That’s why, Beck said, he is hoping that the draft — combined with some signs of renewed excitement around a young Canucks core and a renewed Lions squad — energizes local fan bases and reinvigorates the neighbourhood.

“I would say 2012-2013 was definitely a peak,” he said. “The numbers now are still decent, but you are right that the success hasn’t been there, and any professional team sport, if you win, the trickle-down effect is that much bigger. But it looks like things are going in the right direction.”

That’s also the hope of the Canucks organization, which is planning a big year starting with the new season in the fall, which will be the team’s 50th anniversary as an NHL franchise. Chris Brumwell, the Canucks’ vice-president of communications and community partnerships, said that was one of the main reasons the team began pursuing the NHL in the spring of 2017 to bring the draft to Vancouver ahead of the new season.

“We thought this would be the perfect opportunity to launch our 50th season,” Brumwell said. “It’s an opportunity to honour our history and launch a new era of Canucks hockey.”

The Canucks — perennially the hottest ticket in town during the team’s successful season that culminated in a run to the Stanley Cup finals in 2011 — has had difficulty reaching the same season ticket sales since 2014, with reports of falling renewal rates as the current team finished near the bottom of the NHL for four seasons.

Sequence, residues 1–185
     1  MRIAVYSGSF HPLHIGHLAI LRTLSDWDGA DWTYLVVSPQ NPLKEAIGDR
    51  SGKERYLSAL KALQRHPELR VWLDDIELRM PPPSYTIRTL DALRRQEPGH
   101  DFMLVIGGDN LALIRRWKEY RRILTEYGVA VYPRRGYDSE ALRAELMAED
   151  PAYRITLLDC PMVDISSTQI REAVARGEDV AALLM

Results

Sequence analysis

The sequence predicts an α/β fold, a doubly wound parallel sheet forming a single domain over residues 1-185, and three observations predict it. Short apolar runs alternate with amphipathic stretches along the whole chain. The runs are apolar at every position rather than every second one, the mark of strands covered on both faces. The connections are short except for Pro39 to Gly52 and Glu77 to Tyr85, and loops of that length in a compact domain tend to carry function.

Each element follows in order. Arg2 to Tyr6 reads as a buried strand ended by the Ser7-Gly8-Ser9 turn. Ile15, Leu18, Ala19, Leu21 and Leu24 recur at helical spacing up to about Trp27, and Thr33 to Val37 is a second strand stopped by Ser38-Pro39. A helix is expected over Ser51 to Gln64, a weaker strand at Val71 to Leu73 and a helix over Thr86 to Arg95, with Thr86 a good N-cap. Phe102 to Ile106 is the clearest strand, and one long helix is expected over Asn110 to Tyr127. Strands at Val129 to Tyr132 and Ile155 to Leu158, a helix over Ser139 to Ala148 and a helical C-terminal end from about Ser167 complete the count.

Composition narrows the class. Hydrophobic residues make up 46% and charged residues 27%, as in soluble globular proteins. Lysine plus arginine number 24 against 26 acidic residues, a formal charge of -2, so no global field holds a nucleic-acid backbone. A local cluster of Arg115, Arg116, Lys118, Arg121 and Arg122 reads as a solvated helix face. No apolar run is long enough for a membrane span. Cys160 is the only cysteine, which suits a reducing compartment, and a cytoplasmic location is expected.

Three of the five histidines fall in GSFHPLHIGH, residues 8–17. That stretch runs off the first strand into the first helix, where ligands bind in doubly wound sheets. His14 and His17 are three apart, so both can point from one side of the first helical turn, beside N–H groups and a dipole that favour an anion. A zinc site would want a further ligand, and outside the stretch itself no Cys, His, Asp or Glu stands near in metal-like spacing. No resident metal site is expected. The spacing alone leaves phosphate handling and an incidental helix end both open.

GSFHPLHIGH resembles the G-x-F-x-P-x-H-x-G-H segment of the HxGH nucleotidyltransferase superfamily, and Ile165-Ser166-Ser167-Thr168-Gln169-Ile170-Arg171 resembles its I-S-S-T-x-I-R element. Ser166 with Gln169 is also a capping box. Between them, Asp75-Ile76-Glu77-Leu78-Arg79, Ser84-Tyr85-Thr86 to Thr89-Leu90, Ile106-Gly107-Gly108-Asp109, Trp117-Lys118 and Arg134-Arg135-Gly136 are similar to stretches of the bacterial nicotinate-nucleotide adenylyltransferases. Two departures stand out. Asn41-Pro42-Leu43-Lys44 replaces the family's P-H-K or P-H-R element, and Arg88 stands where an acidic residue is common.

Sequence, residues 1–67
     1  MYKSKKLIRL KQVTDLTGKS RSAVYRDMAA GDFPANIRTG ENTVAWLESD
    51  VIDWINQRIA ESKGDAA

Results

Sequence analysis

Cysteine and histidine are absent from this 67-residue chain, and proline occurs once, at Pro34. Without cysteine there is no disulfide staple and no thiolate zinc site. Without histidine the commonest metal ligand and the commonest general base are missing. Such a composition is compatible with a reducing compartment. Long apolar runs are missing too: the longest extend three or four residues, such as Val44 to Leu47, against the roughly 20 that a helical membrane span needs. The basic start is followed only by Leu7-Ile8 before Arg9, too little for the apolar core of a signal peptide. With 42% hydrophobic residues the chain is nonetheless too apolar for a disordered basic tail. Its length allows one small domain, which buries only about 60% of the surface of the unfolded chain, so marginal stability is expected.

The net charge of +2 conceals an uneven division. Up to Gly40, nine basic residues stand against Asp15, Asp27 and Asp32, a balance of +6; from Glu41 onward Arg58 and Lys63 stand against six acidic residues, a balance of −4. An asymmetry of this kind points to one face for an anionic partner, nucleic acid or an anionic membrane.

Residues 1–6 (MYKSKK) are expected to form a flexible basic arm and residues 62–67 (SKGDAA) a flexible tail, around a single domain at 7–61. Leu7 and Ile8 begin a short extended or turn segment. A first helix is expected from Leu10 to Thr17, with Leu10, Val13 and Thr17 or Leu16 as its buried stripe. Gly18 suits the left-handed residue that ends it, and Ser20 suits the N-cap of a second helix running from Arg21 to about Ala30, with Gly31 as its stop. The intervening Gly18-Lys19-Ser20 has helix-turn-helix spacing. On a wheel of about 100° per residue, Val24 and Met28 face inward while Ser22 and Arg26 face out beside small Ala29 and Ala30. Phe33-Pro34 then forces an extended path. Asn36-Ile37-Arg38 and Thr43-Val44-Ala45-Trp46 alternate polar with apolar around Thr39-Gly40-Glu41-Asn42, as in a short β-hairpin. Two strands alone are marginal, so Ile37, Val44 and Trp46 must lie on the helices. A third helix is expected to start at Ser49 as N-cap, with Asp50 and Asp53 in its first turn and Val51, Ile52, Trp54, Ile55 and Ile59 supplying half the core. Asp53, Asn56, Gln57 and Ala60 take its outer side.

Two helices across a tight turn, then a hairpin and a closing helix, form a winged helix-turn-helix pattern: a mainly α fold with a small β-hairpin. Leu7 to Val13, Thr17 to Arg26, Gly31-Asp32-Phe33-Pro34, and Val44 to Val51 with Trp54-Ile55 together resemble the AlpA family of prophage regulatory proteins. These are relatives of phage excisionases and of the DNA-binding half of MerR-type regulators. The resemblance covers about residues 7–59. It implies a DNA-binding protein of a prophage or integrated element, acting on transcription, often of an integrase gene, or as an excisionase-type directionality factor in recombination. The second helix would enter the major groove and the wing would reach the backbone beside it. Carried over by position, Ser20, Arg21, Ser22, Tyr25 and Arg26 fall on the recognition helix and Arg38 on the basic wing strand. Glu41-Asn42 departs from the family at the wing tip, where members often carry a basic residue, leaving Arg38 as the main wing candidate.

But while ticket retailers expected last season to continue the slide, there was renewed optimism stemming from new forward Elias Pettersson, who broke the Canucks record for rookie scoring — held previously by Pavel Bureand Ivan Hlinka– in often spectacular fashion. Along with the emergence of players such as forwards Bo Horvatand Brock Boeser, and the high expectations heaped on new defenceman Quinn Hughes, the Canucks saw a rebound in ticket demand last season — a re-emergence in fan enthusiasm that, Brumwell said, is continuing and pushing business upwards.

The Canucks, Brumwell noted, are hoping the NHL Entry Draft opening the 50th anniversary season — combined with the new interest in young players, including whoever the team brings in with its 10th overall pick this year — will buck the trends of the last few years and potentially ignite a stronger year at the gates.

“I can tell you that season ticket renewals have gone very, very well this summer. It’s all part of the storyline we are seeing with the Canucks this year moving forward,” he said.

The Canucks are projecting the draft to bring in about $10 million for the local economy by itself, with about 20,000 hotel room nights of business associated with the visitors. The draft’s first night is already sold out, Brumwell added, and tickets for the second day are expected to sell out soon.